It was a losing battle. Grasshoppers wouldn’t leave my kitchen garden alone. I sprayed tobacco juice and neem oil extract, separately and together, in dilute and strong blends. I was hoping the insects would abandon their pursuit of my plants. When my methods didn’t work, I picked the insects one by one and crushed them in the evenings, but there were many more by morning, chewing the tomato plants, spinach, and basil down to their nubs. I watched our neighbours spray noxious chemicals on their fields and wondered if I should abandon my herbal concoctions.
My troubles were nothing compared to the upsurge of desert locusts (Schistocerca gregaria) which swept into the country from the Arabian Peninsula in March-April 2020. I shuddered at the social media videos showing thick clouds of the pests swirling through the air and covering every surface. I imagined millions of farmers’ hearts sinking. Eventually, the locusts spread across ten Indian states, which sprayed chemicals from tractors, helicopters, and even drones. Desperate farmers raised a racket by banging steel plates to keep the insects from alighting on their fields. The scale of destruction, unseen since 1993, prompted the Ministry of Home Affairs to call it a natural disaster, and it ordered the states to undertake relief operations.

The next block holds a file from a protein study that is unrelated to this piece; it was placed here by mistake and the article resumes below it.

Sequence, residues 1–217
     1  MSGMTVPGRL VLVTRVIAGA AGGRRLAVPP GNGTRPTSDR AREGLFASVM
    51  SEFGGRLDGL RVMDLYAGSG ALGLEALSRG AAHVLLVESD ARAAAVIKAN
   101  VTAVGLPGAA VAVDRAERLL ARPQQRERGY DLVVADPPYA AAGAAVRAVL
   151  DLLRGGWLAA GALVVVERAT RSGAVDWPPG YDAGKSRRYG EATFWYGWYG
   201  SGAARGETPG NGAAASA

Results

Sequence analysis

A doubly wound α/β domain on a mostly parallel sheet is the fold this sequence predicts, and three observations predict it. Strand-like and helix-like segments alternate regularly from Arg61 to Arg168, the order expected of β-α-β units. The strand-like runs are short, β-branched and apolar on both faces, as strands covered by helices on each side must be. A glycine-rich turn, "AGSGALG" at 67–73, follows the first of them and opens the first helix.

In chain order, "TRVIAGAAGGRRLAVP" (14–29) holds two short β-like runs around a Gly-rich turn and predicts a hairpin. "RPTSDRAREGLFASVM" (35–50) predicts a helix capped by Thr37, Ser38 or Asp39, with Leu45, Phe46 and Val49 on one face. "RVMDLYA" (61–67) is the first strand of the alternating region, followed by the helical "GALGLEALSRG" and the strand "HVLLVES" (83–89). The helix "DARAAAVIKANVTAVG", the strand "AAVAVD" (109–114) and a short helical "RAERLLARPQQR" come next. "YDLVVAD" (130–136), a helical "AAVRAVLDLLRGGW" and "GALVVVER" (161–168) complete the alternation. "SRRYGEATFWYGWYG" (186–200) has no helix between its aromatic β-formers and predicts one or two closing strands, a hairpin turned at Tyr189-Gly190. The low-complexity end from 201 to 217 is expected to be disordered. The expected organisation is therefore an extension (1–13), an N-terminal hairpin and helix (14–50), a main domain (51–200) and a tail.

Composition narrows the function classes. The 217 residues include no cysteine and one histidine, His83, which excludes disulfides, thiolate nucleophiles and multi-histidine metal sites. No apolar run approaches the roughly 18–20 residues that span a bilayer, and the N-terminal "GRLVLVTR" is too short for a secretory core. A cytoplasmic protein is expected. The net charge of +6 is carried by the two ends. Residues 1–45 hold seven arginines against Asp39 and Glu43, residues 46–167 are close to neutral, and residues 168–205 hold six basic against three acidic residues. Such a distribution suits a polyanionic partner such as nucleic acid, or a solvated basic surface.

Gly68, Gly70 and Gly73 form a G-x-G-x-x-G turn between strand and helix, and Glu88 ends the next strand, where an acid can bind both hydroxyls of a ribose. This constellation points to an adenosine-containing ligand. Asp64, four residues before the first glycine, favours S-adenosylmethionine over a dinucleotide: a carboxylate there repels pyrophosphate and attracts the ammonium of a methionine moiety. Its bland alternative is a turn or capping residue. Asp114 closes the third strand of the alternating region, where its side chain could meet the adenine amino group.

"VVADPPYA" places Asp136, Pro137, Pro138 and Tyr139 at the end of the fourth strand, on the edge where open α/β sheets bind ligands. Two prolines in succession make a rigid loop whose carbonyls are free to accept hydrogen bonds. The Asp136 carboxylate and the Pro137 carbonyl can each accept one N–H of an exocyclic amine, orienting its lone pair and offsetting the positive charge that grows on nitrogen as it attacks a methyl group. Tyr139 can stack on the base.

Environmentalists and conservationists worry that large-scale drenching operations with organophosphates, such as malathion and chlorpyrifos, could be toxic to humans and natural ecosystems. Insectivorous animals such as foxes and monitor lizards, and many species of birds, from rosy starlings to raptors, can suffer poisoning from eating dead locusts. Of particular concern is the critically endangered great Indian bustard, which has already been decimated by the loss of grasslands. Researchers recommend linseed and neem oils in combating locust upsurges without causing collateral damage to other species, but these haven’t been deployed in the fields yet. After my futile experience at coating my plants with bitter-tasting liquids, I’m sceptical of their efficacy.
How do solitary grasshoppers transform into gregarious locusts?
Locusts and grasshoppers are two forms of the same creature. Normally, the long-legged green grasshoppers are loners, often jumping to another plant to avoid the proximity of others. When their numbers explode following years of abnormally high rainfall, they undergo a dramatic transformation, turning pink or yellow, becoming gregarious, and growing longer wings for long-distance flight. These restless insects behave as if they were one organism, as flocks of migratory birds do, flying in unison in one direction by day and laying waste to hundreds of square kilometres of farmlands.
How do normally shy insects handle life in a crowd?
One study of desert locusts found the repeated touching of hind legs appears to cause serotonin levels to rise in the insects’ brains. The hormone, called the “happy chemical”, promotes well-being and happiness in humans. Acting as a social lubricant, it causes locusts to not only tolerate being within touching distance of others, but to actually seek that conviviality.